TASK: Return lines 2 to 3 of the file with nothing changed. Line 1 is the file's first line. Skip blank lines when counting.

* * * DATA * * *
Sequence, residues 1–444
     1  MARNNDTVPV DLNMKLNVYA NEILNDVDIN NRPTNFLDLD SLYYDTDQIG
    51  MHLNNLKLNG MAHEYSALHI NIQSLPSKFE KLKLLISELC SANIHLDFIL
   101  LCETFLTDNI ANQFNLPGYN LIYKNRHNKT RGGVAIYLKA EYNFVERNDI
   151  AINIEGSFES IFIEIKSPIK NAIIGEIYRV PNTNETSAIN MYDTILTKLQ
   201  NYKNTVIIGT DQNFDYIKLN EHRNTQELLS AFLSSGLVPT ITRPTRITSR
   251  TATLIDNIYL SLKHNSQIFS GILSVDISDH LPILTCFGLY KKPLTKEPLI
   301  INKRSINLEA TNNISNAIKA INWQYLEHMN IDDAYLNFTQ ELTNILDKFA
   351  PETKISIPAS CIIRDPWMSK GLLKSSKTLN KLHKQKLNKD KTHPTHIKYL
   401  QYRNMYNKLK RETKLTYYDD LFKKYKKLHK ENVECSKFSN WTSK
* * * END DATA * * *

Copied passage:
     1  MARNNDTVPV DLNMKLNVYA NEILNDVDIN NRPTNFLDLD SLYYDTDQIG
    51  MHLNNLKLNG MAHEYSALHI NIQSLPSKFE KLKLLISELC SANIHLDFIL